In January 1945, at the height of winter, with the Soviet army approaching, the Nazis took the prisoners on a forced "death march." Beni's father was so ill by that point that right at the start of the trek he sat down on the frozen ground. Beni carried his father for as long as he could, until the father's strength gave out completely. A Nazi officer pointed his weapon at him.

"I saw a white flash from his rifle and Father fell down dead, lying in his blood," Virtzberg wrote. "Father, whom I'd managed to save from death three times. His soul hovered above me as I marched on. Sometimes I imagined that my father and mother were walking side by side together with me and holding me up to keep a murderous hand from cutting me down, too."

Shock waves

In November 1945, after a few months in Italy, Virtzberg arrived in Palestine as part of the Youth Aliyah program.

"We came into the Haifa port at seven in the morning," he wrote. "People thronged the piers. Hundreds and thousands of people. Had so many people really gone to the trouble of getting up so early just to see us, the first child survivors of the Nazi inferno? A sea of hands are waving handkerchiefs at us. Is it possible that they are all Jews?"

Thirty-five children with certificates (i.e., immigration permits) from the British arrived on board the Princess Kathleen, including Natan Kleinberger, now a retired judge who was Virtzberg's friend and is another main character in the book. Kleinberger, born in Poland in 1929 and liberated from the Mauthausen concentration camp, remembers how when they arrived in Haifa, someone at the port peeled a grapefruit and gave him a slice.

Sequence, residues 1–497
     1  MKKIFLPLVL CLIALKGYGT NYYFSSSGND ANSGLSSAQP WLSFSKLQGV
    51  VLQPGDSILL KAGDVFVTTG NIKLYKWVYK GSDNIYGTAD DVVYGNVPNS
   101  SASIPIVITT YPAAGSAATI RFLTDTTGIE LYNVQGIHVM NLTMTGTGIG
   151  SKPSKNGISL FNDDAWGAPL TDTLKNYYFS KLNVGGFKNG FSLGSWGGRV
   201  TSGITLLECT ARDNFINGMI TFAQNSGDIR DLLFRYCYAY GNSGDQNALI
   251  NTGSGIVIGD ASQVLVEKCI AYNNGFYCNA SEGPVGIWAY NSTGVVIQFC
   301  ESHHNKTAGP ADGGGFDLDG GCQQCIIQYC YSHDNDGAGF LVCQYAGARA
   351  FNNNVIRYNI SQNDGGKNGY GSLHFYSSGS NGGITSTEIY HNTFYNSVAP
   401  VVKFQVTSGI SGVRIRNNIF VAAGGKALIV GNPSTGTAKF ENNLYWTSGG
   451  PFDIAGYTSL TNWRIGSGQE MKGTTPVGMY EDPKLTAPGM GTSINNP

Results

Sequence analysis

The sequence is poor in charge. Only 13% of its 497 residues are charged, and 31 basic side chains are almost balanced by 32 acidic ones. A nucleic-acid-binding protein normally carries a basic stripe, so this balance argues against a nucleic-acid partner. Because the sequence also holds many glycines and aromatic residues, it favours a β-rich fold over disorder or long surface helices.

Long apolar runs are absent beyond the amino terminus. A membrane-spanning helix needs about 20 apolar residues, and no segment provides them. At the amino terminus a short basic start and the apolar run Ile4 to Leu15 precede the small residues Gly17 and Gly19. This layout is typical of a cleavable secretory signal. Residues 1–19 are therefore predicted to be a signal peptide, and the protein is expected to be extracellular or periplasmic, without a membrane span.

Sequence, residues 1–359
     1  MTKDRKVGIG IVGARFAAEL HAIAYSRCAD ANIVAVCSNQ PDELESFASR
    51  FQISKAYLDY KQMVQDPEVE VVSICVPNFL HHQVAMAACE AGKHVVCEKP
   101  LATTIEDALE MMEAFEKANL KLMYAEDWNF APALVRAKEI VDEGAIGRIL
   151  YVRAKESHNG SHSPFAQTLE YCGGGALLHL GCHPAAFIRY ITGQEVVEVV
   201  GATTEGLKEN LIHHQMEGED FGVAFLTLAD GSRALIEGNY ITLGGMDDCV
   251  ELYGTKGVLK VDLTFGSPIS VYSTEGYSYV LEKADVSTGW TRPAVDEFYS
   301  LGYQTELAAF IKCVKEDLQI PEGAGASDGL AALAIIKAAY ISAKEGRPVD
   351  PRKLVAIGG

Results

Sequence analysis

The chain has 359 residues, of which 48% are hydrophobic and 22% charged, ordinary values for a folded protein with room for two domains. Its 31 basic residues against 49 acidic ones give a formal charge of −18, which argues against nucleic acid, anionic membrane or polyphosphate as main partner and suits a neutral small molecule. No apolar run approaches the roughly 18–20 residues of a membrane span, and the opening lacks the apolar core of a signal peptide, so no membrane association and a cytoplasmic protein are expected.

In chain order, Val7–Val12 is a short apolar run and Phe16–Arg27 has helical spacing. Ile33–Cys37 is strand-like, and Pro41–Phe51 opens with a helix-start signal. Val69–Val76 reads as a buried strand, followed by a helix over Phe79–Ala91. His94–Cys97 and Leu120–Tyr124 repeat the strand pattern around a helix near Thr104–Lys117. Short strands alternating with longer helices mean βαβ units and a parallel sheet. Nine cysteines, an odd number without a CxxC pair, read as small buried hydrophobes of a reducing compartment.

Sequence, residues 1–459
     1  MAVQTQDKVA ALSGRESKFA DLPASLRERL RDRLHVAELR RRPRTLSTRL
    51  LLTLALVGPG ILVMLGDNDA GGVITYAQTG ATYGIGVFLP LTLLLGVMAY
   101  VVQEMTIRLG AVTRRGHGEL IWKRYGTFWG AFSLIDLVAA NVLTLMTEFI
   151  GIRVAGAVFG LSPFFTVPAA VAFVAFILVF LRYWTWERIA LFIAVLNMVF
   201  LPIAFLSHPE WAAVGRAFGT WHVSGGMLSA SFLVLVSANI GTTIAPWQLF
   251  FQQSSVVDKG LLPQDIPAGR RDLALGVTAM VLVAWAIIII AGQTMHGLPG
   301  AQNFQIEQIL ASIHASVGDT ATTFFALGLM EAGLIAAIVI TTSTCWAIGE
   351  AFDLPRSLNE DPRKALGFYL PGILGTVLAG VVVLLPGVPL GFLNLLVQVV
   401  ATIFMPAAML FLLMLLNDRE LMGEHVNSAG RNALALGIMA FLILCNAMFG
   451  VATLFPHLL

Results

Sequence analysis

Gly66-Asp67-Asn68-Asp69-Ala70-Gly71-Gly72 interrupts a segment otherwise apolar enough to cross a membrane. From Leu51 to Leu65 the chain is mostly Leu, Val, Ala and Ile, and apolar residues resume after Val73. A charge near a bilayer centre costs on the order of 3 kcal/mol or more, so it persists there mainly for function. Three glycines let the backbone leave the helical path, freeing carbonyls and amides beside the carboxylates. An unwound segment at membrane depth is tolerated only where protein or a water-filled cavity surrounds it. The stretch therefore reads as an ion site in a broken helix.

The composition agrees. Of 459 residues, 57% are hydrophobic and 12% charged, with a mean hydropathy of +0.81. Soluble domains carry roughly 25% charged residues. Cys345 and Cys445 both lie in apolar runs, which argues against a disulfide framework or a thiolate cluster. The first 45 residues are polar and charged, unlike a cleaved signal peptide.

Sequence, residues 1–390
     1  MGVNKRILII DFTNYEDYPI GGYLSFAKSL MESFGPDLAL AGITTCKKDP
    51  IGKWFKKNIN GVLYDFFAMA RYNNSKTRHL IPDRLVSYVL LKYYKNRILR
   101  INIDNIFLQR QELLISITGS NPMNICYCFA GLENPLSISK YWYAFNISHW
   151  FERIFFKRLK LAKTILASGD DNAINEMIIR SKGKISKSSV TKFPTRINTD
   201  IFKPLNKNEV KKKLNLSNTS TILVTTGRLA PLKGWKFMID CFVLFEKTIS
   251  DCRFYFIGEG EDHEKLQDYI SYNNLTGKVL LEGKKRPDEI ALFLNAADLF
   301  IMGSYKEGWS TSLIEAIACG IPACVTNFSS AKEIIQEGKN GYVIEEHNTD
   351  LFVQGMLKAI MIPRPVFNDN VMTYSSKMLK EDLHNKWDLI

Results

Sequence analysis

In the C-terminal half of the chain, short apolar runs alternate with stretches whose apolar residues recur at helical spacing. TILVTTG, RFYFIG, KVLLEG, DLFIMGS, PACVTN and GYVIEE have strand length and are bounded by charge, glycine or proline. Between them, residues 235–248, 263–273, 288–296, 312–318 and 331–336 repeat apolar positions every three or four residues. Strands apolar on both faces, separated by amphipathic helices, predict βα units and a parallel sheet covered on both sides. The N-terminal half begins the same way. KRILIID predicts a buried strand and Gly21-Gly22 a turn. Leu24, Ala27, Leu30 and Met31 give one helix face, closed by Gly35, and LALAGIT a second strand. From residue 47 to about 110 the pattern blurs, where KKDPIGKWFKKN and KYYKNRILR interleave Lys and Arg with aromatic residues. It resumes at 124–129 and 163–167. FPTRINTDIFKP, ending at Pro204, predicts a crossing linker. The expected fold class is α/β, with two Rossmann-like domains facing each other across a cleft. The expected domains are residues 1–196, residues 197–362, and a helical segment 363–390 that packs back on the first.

"Beni and I kept in touch for years," he says. "There was no way to know that he was going to kill himself. He was like all the other guys. One thing set him apart though: He hid the fact that he was born in Germany and acted like he was one of us, from Poland. He didn't speak Polish, but he knew Yiddish. In the 1948 war we met often in the course of the battles. We were assigned to guard the pumping stations on the way to Jerusalem, and when my girlfriend was injured in an accident I wanted to visit her but there was no car I could use. Beni went with me on foot all the way there and back; it was a gesture that really impressed me. I was seriously wounded in the war, I lost both hands and an eye, and afterward I studied law and became a district court judge, and we somehow kept in touch through everything. I don't remember him as a depressed person, and his suicide sent shock waves through our group of friends."

Gideon Sapir, who worked in the JNF office in Be'er Sheva, was born in Berlin 84 years ago. Sapir was in charge of planting at the Har Hanegev Field School and proposed that his friend Virtzberg work in research. During the last part of his life, Virtzberg, a bookish autodidact, oversaw the research department of the forestry division in the southern region and introduced new irrigation methods in the Arava. Sapir recalls that Virtzberg became depressed during the Eichmann trial.

"The past weighed on him and he had trouble coming to terms with the fact that he had survived. For some unknown reason, Mengele treated him well, and it's a bit of a riddle. Beni felt guilty and thought that perhaps he somehow could have prevented his father's murder. The day before he killed himself we were supposed to go for an excursion to Masada, the two families, and he said he didn't feel well. He had a big Webley pistol that was our defensive weapon at work, and that's what he used."